Law Offices of George Giosmas

25 years of experience

March 2018 Archives

Deportation defense for detained immigrants

If you're a Florida resident facing potential deportation from the United States, selecting an immigration law attorney can play a major role in bolstering your chances of staying in the country. With significant publicity and attention being dedicated to deportation efforts at the federal level, an immigration lawyer can be critical in helping protect your ability to stay in the country.

Supreme Court to hear immigrant detention case

Florida residents may be aware that the Trump administration is embroiled in a number of legal disputes over some of its more vigorous immigration policies, and many of these cases involve issues that have been raised in parts of the country where authorities refuse to enforce immigration policies they view as draconian. Sanctuary cities and states provide U.S. Immigration and Customs Enforcement agents with little in the way of cooperation, and the Trump administration is not reluctant to turn to the courts when it believes that this lack of cooperation is hampering efforts to deport individuals.

Attorney General pushes to restrict qualifications for asylum

Florida is home to many immigrants, and some of them achieved legal status because the United States granted them asylum. Asylum allows people whose lives are at risk in their home countries to find sanctuary, but Attorney General Jeff Sessions wants to reduce the ability of people to gain asylum. In addition to urging Congress to tighten the laws, Sessions has exercised his authority over immigration courts and vacated a ruling that would have set a precedent about people's rights to appear before a judge before the government can reject their applications.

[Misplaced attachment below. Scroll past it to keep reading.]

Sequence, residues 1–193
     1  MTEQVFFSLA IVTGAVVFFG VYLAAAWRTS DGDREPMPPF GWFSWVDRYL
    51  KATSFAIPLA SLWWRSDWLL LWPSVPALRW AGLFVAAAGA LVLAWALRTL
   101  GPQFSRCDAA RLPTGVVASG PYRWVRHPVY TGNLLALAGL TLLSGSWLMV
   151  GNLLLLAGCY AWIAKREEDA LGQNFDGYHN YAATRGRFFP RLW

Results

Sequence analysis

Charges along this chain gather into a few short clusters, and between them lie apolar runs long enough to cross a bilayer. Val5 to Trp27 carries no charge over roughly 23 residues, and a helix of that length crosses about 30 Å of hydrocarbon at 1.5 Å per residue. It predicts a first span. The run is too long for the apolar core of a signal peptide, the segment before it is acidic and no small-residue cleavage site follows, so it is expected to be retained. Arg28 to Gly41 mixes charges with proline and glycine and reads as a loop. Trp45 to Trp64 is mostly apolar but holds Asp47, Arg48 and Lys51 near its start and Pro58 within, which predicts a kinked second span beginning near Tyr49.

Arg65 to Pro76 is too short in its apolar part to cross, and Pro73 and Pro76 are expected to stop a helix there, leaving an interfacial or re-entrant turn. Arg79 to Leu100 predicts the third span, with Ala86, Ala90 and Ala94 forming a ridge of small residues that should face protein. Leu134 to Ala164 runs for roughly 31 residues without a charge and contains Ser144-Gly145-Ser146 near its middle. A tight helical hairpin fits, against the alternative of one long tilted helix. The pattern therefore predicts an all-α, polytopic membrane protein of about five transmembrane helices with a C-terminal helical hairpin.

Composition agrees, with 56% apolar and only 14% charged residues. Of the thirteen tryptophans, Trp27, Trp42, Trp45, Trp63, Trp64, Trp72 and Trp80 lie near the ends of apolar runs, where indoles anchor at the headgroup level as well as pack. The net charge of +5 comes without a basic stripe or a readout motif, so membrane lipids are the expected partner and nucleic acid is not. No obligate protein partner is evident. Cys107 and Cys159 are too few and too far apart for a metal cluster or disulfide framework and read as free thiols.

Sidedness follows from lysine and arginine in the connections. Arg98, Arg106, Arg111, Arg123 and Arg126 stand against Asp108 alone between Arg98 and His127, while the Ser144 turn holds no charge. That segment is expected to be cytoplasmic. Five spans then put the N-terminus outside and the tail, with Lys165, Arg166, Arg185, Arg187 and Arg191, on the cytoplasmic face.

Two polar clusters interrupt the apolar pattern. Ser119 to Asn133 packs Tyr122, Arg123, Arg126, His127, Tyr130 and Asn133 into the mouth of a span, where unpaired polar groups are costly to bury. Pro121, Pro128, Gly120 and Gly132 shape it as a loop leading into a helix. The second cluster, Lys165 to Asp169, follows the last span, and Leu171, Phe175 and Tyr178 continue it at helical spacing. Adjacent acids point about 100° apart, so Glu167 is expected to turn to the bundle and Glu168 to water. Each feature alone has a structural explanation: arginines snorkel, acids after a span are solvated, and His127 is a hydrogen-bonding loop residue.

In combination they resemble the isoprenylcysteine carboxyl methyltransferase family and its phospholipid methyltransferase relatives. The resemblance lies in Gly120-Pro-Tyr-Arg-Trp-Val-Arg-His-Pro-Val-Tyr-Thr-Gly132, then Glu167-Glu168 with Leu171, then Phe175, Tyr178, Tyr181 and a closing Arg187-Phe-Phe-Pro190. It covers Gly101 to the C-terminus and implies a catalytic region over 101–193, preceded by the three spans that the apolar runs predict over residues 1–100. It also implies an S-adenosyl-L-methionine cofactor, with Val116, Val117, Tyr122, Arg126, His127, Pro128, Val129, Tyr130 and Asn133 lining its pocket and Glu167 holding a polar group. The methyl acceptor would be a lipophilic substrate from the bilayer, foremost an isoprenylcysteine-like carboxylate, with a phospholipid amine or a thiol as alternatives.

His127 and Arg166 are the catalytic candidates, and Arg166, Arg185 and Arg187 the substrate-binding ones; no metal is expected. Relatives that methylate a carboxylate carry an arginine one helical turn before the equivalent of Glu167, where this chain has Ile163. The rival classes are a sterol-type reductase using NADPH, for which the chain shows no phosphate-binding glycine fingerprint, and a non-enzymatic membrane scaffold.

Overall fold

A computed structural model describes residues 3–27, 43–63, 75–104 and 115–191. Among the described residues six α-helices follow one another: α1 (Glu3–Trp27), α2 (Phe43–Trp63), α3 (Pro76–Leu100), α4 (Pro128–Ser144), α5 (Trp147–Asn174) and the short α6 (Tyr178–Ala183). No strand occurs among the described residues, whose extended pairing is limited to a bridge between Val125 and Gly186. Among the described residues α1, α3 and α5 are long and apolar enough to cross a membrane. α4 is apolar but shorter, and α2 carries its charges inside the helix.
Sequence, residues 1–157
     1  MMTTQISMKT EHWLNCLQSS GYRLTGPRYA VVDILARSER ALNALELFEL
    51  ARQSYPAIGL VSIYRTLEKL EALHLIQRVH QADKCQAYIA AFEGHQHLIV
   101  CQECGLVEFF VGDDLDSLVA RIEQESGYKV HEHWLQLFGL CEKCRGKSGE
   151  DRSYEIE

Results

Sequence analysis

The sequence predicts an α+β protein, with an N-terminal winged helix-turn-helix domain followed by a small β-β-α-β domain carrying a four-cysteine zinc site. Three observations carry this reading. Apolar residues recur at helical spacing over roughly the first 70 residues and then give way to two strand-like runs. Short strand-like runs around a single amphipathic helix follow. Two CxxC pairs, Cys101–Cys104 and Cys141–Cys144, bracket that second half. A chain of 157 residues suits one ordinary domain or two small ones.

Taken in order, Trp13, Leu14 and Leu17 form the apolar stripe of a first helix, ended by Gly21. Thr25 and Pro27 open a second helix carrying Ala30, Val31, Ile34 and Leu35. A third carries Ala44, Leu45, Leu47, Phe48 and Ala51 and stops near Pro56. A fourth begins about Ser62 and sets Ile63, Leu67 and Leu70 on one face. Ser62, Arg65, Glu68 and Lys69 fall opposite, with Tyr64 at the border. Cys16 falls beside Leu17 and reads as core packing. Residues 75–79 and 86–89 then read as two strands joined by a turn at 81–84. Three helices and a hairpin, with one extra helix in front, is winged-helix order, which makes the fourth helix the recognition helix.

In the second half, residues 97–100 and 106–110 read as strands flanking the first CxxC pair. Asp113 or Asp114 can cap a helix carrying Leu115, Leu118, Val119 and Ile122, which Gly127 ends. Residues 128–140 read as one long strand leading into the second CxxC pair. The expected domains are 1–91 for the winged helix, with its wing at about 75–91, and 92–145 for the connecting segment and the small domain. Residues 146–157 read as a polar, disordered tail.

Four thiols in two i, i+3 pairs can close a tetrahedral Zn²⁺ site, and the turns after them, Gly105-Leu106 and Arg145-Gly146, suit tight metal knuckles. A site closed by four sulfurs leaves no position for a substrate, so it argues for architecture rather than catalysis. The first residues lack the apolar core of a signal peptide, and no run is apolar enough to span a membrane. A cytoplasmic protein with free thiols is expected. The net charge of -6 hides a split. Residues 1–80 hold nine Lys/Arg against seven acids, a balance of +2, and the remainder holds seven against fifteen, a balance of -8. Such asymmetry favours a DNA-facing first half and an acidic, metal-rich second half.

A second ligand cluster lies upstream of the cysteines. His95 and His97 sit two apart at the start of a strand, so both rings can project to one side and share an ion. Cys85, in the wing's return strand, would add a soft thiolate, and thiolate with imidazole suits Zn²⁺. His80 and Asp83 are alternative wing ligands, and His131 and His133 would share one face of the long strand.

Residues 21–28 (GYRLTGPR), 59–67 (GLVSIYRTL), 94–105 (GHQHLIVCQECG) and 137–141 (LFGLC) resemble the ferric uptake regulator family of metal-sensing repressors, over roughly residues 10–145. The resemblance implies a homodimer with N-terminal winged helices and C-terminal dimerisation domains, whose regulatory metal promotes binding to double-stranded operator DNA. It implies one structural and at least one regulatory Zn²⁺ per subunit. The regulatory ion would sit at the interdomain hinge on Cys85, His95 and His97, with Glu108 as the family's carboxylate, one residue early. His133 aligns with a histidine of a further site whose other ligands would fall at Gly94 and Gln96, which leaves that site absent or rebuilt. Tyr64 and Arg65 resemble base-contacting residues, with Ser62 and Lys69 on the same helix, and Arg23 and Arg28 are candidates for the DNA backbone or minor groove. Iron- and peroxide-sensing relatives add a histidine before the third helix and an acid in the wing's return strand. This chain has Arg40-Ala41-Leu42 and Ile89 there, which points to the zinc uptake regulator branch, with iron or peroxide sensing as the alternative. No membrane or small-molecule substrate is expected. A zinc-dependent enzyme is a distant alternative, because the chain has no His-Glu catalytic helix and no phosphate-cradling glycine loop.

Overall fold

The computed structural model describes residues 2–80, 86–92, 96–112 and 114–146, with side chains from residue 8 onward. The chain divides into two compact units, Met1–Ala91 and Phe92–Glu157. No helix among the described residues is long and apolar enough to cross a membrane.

Immigrants don't have to be given bond hearings

In a 5-3 decision, the Supreme Court ruled that immigrants do not have the right to periodic bond hearings. This may be true for those living in Florida or elsewhere in the country as permanent residents. In its ruling, the court ruled that the Ninth Circuit Court of Appeals made a mistake when determining that immigrants were entitled to a hearing every six months.

Legal representation in asylum cases

While some people immigrate to Florida for jobs or to join a spouse, others are fleeing dangerous conditions in their home countries. These conditions may include war, political persecution or social violence. Asylum-seekers often have to navigate a complex maze of laws and regulations.